Many people in the world suffer from a dismal level of professional governance in their respective countries and poor governance is often associated with corruption which is one of the most destructive elements in community life.
At all levels of government from the local to the global, we must strengthen our efforts to fight corruption, fraud and organized crime, and to generally improve the quality of governance through the implementation of our liberal principles of accountability, transparency, separation of powers, decentralization of decision-making, respect for the rule of law and an active civil society.
Liberal International Secretary-General Designate
It is a pleasure to announce that Democratic Alliance Member of Parliament and Shadow Minister of Energy, Gordon Mackay, is the incoming Secretary-General of Liberal International. It is the first time that someone from an African country will serve in this position. He takes over from Emil Kirjas who has held the post for 10 years
This appointment is both historic and symbolic given the DA’s longstanding relationship with Liberal International. The DA is the second-oldest Liberal International member party from Africa, joining in at the Tel Aviv congress in 1984, only the Senegalese PDS, which joined in 1980, has been a member for longer.
Gordon comes into this position with a wealth of experience and a strong commitment to liberal politics and the role it plays in bringing about positive change to people’s lives.
Prior to his election to Parliament in 2014, Gordon worked for the Office of Emergency Programmes of United Nations Children’s Fund (UNICEF) in New York and in Afghanistan where he was responsible for disaster and conflict risk analysis.
He speaks 3 languages, English, Afrikaans and German. He has recently started studying French with 50 hours of French under his belt.
Gordon holds a Master’s Degree in International Studies from the University of London and BA Honours Degree in Economics (cum laude). He is the recipient of various scholarships and academic prizes and has published in the area of labour economics and making financial markets work for the poor.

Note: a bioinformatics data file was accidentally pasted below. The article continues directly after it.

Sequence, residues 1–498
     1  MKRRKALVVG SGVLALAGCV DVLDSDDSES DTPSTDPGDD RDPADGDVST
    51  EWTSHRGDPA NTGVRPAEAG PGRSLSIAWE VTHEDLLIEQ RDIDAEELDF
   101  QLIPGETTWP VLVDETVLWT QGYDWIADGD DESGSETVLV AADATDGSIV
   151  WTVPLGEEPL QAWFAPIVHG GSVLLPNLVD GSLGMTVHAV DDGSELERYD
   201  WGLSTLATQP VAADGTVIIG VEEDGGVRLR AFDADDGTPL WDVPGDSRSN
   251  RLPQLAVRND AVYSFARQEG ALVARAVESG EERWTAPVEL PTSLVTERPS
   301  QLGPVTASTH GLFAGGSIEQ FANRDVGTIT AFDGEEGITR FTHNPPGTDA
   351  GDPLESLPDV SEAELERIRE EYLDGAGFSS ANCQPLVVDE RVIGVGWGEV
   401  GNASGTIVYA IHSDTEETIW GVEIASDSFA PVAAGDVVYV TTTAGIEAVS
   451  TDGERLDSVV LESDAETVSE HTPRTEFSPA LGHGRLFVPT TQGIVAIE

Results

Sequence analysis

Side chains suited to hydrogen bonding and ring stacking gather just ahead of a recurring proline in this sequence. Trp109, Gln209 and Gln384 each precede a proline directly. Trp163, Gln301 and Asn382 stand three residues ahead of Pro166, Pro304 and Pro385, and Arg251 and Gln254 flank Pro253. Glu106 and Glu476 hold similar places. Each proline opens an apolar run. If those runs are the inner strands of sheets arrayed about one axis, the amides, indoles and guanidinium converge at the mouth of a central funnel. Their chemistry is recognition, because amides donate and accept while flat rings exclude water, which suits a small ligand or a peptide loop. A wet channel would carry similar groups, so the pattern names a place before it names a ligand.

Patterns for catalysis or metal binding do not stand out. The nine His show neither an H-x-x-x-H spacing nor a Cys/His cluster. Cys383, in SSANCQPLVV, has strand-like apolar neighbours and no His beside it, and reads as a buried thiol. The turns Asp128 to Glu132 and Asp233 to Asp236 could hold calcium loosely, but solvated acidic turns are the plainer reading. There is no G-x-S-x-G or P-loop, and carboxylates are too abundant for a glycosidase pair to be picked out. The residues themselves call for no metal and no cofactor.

We wish him well on this new journey and believe that Liberal International will be enriched by his progressive and dynamic leadership.
President of Liberal International, Dr  Juli Minoves, who referred to the greatness of South Africa in a speech at the United Nations when the country rejoined the organisation in 1994, said: “We are proud to count the DA as a member of or global liberal family. In government, the DA is demonstrating the universal appeal of liberal values and that there is wide appeal for a credible alternative for South Africa.
The large presence of our global network is an unambiguous signal of the confidence we have in the DA’s opportunity to form a national government in 2019.
I commend the work of the Honourable Mmusi Maimane and welcome our new secretary-general, Gordon Mackay MP.”
Conclusion
 As Liberal International members, we walk away from this weekend with a new sense of direction and commitment to liberal democracy. It has been a festival of ideas marked by robust engagement and an awakening of our liberal values.
I close with a quote from John Locke, who profoundly stated “Being all equal and independent, no one ought to harm another in his life, health, liberty, or possessions.”